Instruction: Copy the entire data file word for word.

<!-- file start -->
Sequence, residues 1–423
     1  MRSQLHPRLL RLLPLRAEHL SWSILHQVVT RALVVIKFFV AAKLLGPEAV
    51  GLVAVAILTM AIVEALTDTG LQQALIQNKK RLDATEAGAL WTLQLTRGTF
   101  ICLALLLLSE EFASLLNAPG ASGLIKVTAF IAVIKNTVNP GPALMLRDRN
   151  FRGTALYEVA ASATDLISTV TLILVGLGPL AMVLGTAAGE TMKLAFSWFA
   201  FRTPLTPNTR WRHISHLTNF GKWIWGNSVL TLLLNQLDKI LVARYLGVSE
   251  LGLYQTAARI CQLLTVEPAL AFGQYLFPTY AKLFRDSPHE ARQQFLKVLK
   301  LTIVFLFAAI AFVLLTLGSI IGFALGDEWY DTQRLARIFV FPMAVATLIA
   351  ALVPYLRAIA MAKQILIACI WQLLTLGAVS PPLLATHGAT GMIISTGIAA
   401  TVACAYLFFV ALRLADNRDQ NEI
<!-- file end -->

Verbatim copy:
Sequence, residues 1–423
     1  MRSQLHPRLL RLLPLRAEHL SWSILHQVVT RALVVIKFFV AAKLLGPEAV
    51  GLVAVAILTM AIVEALTDTG LQQALIQNKK RLDATEAGAL WTLQLTRGTF
   101  ICLALLLLSE EFASLLNAPG ASGLIKVTAF IAVIKNTVNP GPALMLRDRN
   151  FRGTALYEVA ASATDLISTV TLILVGLGPL AMVLGTAAGE TMKLAFSWFA
   201  FRTPLTPNTR WRHISHLTNF GKWIWGNSVL TLLLNQLDKI LVARYLGVSE
   251  LGLYQTAARI CQLLTVEPAL AFGQYLFPTY AKLFRDSPHE ARQQFLKVLK
   301  LTIVFLFAAI AFVLLTLGSI IGFALGDEWY DTQRLARIFV FPMAVATLIA
   351  ALVPYLRAIA MAKQILIACI WQLLTLGAVS PPLLATHGAT GMIISTGIAA
   401  TVACAYLFFV ALRLADNRDQ NEI